The change is so subtle that you probably didn’t even notice that the address bar or location line now reads https://ferrelljenkins.blog/.

Anyone who can spell Will Ferrell and Florence Foster Jenkins can handle ferrelljenkins.

Our first post was dated May 2, 2007. This is now our 1984th post. Admittedly some of the posts are insignificant  (like this one). But I think that many of the posts continue to be helpful to Bible students and teachers who are searching for information, and photos, of Bible lands and customs.

You may ask, “Why did you change the domain, and if it is important why did you not do it sooner.” Here are a few reasons. This blog has been hosted free of charge by WordPress all these years. For a long time there were no advertisements appearing with the blog, but lately that has changed. I can’t blame WordPress. The company wants to make a profit. To do so they sell services including ads for the blogs they host. Sometimes these ads showed up in the right column. Others showed up at the bottom of a post. I noticed them especially when searching for a particular subject such as Bethlehem or shepherds (just examples). Some ads were innocuous, but others promoted viewpoints that I do not hold or approve.

WordPress has been peppering me with Emails advertising new URL’s. The hundreds of photos that have appeared here and the tremendous cost to procure them have been covered exclusively by me. It is true that I do license a few photos for various publishers, but this would not pay for my flight from Tampa to New York, let along to Israel, Jordan, Turkey, Egypt, or Greece, to mention a few of the places we have traveled to study and make photos.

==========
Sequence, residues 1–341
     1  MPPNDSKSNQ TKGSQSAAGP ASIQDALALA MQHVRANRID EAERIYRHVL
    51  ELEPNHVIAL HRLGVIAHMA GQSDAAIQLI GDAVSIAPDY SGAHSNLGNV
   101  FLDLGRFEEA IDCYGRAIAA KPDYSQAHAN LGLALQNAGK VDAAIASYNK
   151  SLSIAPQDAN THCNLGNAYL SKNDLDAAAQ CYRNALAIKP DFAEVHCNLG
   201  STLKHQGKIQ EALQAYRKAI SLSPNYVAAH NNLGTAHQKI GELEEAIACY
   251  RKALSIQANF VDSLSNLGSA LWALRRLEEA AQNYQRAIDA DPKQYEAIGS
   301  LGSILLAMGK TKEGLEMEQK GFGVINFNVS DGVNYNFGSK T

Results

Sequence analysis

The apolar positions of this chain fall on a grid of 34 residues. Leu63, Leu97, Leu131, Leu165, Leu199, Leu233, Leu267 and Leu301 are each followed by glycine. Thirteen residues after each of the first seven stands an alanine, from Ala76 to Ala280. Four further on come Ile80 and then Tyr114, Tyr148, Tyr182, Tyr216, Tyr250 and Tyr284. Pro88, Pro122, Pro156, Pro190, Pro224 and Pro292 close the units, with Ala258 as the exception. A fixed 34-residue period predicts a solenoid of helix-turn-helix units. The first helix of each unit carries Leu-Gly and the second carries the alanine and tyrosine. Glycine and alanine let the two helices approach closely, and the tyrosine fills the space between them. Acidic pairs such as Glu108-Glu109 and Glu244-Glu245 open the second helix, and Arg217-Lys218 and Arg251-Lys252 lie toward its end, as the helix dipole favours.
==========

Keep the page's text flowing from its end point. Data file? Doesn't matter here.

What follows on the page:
ferrelljenkins.blog

It takes a lot of travel and work to prepare Ferrell’s Travel Blog.

No complaint. I consider this work part of my service to the LORD and His servants who want to enhance their understanding of the Bible.

Those who have followed the blog for any length of time have undoubtedly noticed that my posts have been few and far between in the past two or three years. This is due to some health issues in my family. Often I prepare photos for presentation but never get around to writing the information to accompany them. Not promising, but I do hope to do better in the months to come.

Many thanks to our faithful readers. Will you do me a favor? Send an Email to a few friends and encourage them to follow this blog. This means they will be notified each time we post something. The blank to fill in to be added to the list is near the top of the right column.

By the way, if you have a link or bookmark to the old URL it will still work, but change it for future use.

Traveling through the Wilderness of Zin

Yesterday we traveled from Eilat to Jerusalem with stops at Mitzpe Ramon, Avedat, and Ein Avedat.

The ancient Israelites wandered in the wilderness of Zin (Numbers 33:36), an area that included Kadesh Barnea and was the southern boundary for the tribe of Judah.

The land allotted to the tribe of Judah by its clans reached to the border of Edom, to the Wilderness of Zin in the Negev far to the south. (Joshua 15:1 NET)

We enjoyed a burger at the McDonald’s at Avedat, an important town along the Nabatean spice route between Petra and Gaza. Having been at Petra a few days earlier made this stop especially interesting.